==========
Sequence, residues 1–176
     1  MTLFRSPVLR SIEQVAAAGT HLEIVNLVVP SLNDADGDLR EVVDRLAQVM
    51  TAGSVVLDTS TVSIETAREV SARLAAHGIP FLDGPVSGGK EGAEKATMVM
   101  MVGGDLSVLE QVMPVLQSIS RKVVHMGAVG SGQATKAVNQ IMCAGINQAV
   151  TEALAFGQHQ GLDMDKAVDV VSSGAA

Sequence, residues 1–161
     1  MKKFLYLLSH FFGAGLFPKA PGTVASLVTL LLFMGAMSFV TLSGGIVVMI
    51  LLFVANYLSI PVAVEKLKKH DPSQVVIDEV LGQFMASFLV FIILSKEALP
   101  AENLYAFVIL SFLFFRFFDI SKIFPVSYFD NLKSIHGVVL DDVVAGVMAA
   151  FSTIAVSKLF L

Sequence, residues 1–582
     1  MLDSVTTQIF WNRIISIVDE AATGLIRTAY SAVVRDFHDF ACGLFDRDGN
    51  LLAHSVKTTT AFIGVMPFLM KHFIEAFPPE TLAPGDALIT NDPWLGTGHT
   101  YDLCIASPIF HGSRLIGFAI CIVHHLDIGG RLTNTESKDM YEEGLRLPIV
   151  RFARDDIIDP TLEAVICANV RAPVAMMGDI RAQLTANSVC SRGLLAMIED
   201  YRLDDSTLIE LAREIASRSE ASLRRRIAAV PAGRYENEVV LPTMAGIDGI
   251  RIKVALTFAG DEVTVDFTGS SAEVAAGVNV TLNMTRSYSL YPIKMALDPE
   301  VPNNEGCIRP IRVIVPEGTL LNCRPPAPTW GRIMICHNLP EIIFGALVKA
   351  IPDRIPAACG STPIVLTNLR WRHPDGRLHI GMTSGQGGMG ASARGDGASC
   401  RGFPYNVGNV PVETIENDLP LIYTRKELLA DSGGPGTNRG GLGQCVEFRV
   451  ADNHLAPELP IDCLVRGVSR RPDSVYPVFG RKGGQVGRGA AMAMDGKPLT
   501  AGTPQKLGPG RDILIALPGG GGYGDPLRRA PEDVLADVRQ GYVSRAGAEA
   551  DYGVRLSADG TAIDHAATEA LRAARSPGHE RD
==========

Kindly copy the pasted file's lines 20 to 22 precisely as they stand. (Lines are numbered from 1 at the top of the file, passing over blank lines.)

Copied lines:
   401  RGFPYNVGNV PVETIENDLP LIYTRKELLA DSGGPGTNRG GLGQCVEFRV
   451  ADNHLAPELP IDCLVRGVSR RPDSVYPVFG RKGGQVGRGA AMAMDGKPLT
   501  AGTPQKLGPG RDILIALPGG GGYGDPLRRA PEDVLADVRQ GYVSRAGAEA